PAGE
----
They also said the Post Office's cash access service has come under serious threat.

Various initiatives have been set up by the industry to help maintain people's access to cash, including cashback initiatives at local shops and a "request an ATM" service brought in by LINK.

But the panel said it believes the only way to manage the cash system is for the Government to legislate and give regulators the tools that they need to protect cash access.

Banks should be obliged to provide suitable cash access to their customers, it argued.

The Herald:

Natalie Ceeney, independent chair of the Access to Cash Review said: "The UK is fast becoming a cashless society - without knowing what this really means for consumers or for the UK economy. Many people may want a completely digital future, but we need to make sure that this shift doesn't leave millions behind or put our economy at risk.

"I'm glad that our report of a year ago made the industry and regulators take the issue of cash far more seriously. We welcome the positive initiatives from the banking industry and much needed co-ordination from regulators.

"However, commercial pressures on all businesses mean that we cannot rely on the status quo, and we can see serious strains emerging.

"Regulators currently don't have the tools that they need to ensure that everyone who needs cash can get it. Now is the time for Government to protect cash and allowing us to look ahead to how we can prepare for a digital future which includes everyone."

Jenny Ross, Which? money editor added weight to the call adding: “The cash network has already been dramatically eroded, and unless urgent action is taken in the Budget, it's clear that it will crumble completely.

“Some industry-led initiatives are encouraging, but they cannot stem the tide of bank branch and cash machine closures alone, and without legislation many more communities will be cut off from cash or forced to pay hefty fees to access their own money.

READ MORE: Nationalised Post Bank network proposed to help solve access to cash crisis

“The new chancellor must seize this opportunity and guarantee long-term access to cash in the Budget, while developing a clear strategy to ensure that the transition to digital payments doesn’t leave anyone behind.”

An HM Treasury spokesman said: “Technology has transformed banking for millions of people, but we know that many still rely on cash. That’s why we’ve invested £2 billion to ensure everyday banking services are available at 11,500 Post Office branches across the UK.

“We’re also working closely with industry and regulators to ensure everyone who needs cash can access it.”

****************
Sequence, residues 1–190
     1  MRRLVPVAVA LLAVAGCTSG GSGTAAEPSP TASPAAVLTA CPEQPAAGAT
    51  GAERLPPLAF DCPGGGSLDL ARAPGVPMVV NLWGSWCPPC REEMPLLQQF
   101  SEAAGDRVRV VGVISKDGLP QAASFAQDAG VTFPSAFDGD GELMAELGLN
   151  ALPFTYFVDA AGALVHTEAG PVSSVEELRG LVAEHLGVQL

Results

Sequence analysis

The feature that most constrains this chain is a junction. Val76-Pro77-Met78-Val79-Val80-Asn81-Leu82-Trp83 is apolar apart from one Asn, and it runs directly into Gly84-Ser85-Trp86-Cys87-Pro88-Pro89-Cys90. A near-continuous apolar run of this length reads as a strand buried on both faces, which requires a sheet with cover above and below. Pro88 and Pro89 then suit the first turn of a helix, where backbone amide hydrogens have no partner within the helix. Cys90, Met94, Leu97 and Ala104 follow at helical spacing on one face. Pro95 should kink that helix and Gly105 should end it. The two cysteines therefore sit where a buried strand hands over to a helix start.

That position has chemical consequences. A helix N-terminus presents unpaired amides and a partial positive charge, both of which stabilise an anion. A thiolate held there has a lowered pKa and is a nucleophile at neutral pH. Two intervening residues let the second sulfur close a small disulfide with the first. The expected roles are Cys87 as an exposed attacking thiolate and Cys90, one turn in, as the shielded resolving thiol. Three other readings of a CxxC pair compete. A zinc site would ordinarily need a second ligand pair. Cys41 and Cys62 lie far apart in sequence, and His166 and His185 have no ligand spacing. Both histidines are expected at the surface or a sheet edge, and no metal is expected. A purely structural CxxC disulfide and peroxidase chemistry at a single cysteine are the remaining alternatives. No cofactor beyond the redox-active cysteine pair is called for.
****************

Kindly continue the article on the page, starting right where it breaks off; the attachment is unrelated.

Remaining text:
The appeal comes as the Access to Cash review fronted an initiative aimed at helping communities free access to cash.

Communities across the country are encouraged to apply to participate in the new Community Access to Cash Pilots, which will help to test solutions to local access to cash needs.

These could include: ensuring that shops give cashback; supporting groups who struggle with digital payments; or helping small businesses accept cash.

It is understood that it is backed by £1m from the financial services industry.

Its launch followed the publication of the 2019 Access to Cash Review, which found 17% of the UK population rely on cash.

Ideas are needed by May 1.


SWEDEN is expected to become the world's first totally cashless society by March, 2023.

The country's central bank Riksbank prompted a parliamentary inquiry last year into the risks posed by a cashless society and the concept of legal tender.

It came after several banks decided to axe cash services, with more and more shops no longer accepting it.
Sweden’s Civil Contingencies Agency had issued guidance to every household, telling residents to stockpile “cash in small denominations” for use in emergencies. These would range from power cuts and disrupted computer networks, through to terrorism and cyber-warfare.

The Herald:

Riksbank is now looking at issuing a central bank digital currency (CBDC), called e-krona so that in "the event of serious shocks to the systems of the banks or card companies", it could be a digital alternative form of payment.

In December, Riksbank partnered with Accenture to trial its digital currency e-krona on mobile phone, card and watch.

An e-krona could potentially give Sweden’s residents access to a digital complement to fiat cash, where the nation’s government would “guarantee the value of the money,” the Riksbank states.

Riksbank says it provides a "state payment alternative that is available to all", a digital complement to cash, where the state would guarantee the value of the money.